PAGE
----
“Generally I’d agree with that, yeah.” Tripswitch says, “With a remix, you’ll have stems to use as a starting point, so even if you mangle them beyond recognition and come up with something totally new, it’s still a launch pad that gets the process moving. It’s easier to disappear down a rabbit-hole of umming and aahing when you’re starting your own track from scratch. Plus it can really help having a deadline to work to, it helps focus the mind!” Mark and Nick have other ideas…“We disagree,” Mark says, “Every remixer has their own view of the remix, but the process of composing a remix is no easier in our opinion than writing a new track.”
Over time, producers learn certain cool tricks from other producers. Like adding an instance of white noise under a hat/cymbal to really enhance it sonically. Anytime you get a group of producers together, the conversation naturally moves towards this. It’s like they have a pathological need to share knowledge…
“I’ve been obsessed with the DJM filter that you can download for free,” Paul says, “I’ve been using it in all my tracks for this year; such a great tool. I also picked up a trick from Kolsch a couple of years ago about using a vocoder on hats, it just always sounds so much better!”
“That DMJ Filter from Xfer is great. Also, their LFO Tool is a standard go to.” Tripswitch continues, “I used to do all my sidechaining the old school way with a buss send to a compressor using the kick as a sidechain input, but my buddy Grant showed me that plugin and it just makes the process so much easier and more flexible.”
“In our opinion white noise is a little off,” Mark says, “Now we are trying to focus on the internal components of the track, not on the surface of noise or plates. This can be a warm and pleasant bass or a variety of percussions.”
“I’m a big fan of busses in Logic.” Tripswitch is animated. Studio chat is one of his favourite past times. “My template has various buss configurations pre-set up so I can drop straight in. I have them all set up pre-fade so I have total control over the amount of dry and wet signal I’m sending through to the premaster buss. In terms of balance and separation, I’ve adopted a similar approach to my productions throughout my musical career. It’s always a case of giving each sound its own space in the audio spectrum.”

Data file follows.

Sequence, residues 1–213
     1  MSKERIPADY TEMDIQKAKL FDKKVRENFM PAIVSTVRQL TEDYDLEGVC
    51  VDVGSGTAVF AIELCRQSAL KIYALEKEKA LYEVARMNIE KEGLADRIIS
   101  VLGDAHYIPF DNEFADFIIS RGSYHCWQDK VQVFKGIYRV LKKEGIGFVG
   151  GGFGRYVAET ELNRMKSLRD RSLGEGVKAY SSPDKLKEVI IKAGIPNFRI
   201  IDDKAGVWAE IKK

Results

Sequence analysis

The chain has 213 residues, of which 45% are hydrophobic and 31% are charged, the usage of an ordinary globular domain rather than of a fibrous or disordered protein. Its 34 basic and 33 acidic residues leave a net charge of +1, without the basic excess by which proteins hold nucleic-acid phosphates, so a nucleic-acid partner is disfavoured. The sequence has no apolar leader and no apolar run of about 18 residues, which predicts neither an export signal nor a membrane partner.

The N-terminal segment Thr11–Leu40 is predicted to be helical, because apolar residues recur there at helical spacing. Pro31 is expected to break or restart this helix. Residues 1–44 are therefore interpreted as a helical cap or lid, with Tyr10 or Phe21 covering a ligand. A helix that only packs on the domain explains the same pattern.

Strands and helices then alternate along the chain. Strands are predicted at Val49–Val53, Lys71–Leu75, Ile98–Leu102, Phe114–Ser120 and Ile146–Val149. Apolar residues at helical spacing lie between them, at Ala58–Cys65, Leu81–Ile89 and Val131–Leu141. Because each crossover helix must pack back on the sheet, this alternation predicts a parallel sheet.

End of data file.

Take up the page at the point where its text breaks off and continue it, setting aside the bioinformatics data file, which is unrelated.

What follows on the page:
Paul Sawyer in San Francisco
“I often use something high-frequency and continuous – a pad or an arp – to help create that consistent flow which to some extent helps to define the‘journey’. You can then create drama at the points where you kill that sound, be it a beatless breakdown or a drop where you strip it back to beats and bass. Then, lots of analysis and EQ to ensure different tracks don’t interfere with each other at the same frequency. And panning and subtle modulation on key parts, again, to ensure that separation but also to give some movement to otherwise fairly static sounds. Makes all the difference.”
Summertime conjures up images of happy clubbers dancing to piano anthems in sunny destinations. But of late, those tracks have become darker as dance music evolves and tastes change. “Zeus for me was ‘the’ summer track and I really hoped that the previous releases would steer people towards what is for me the peak for the summer.” Paul says, “I just had it in my mind that Zeus was the one for Ibiza and the festivals. I just can’t wait to hear it on a big festival sound system!” Mark and Nick agree, “Zeus is a powerful track with strong energy and a powerful synthesis of sound.” Mark begins, with a cheeky grin, Novikoff finishes the sentence “In any case, this track will find its listener, we are very pleased to work with Paul and for the opportunity to do something of our own.”
‘Zeus’ will be available at all good retailers from the 11th June.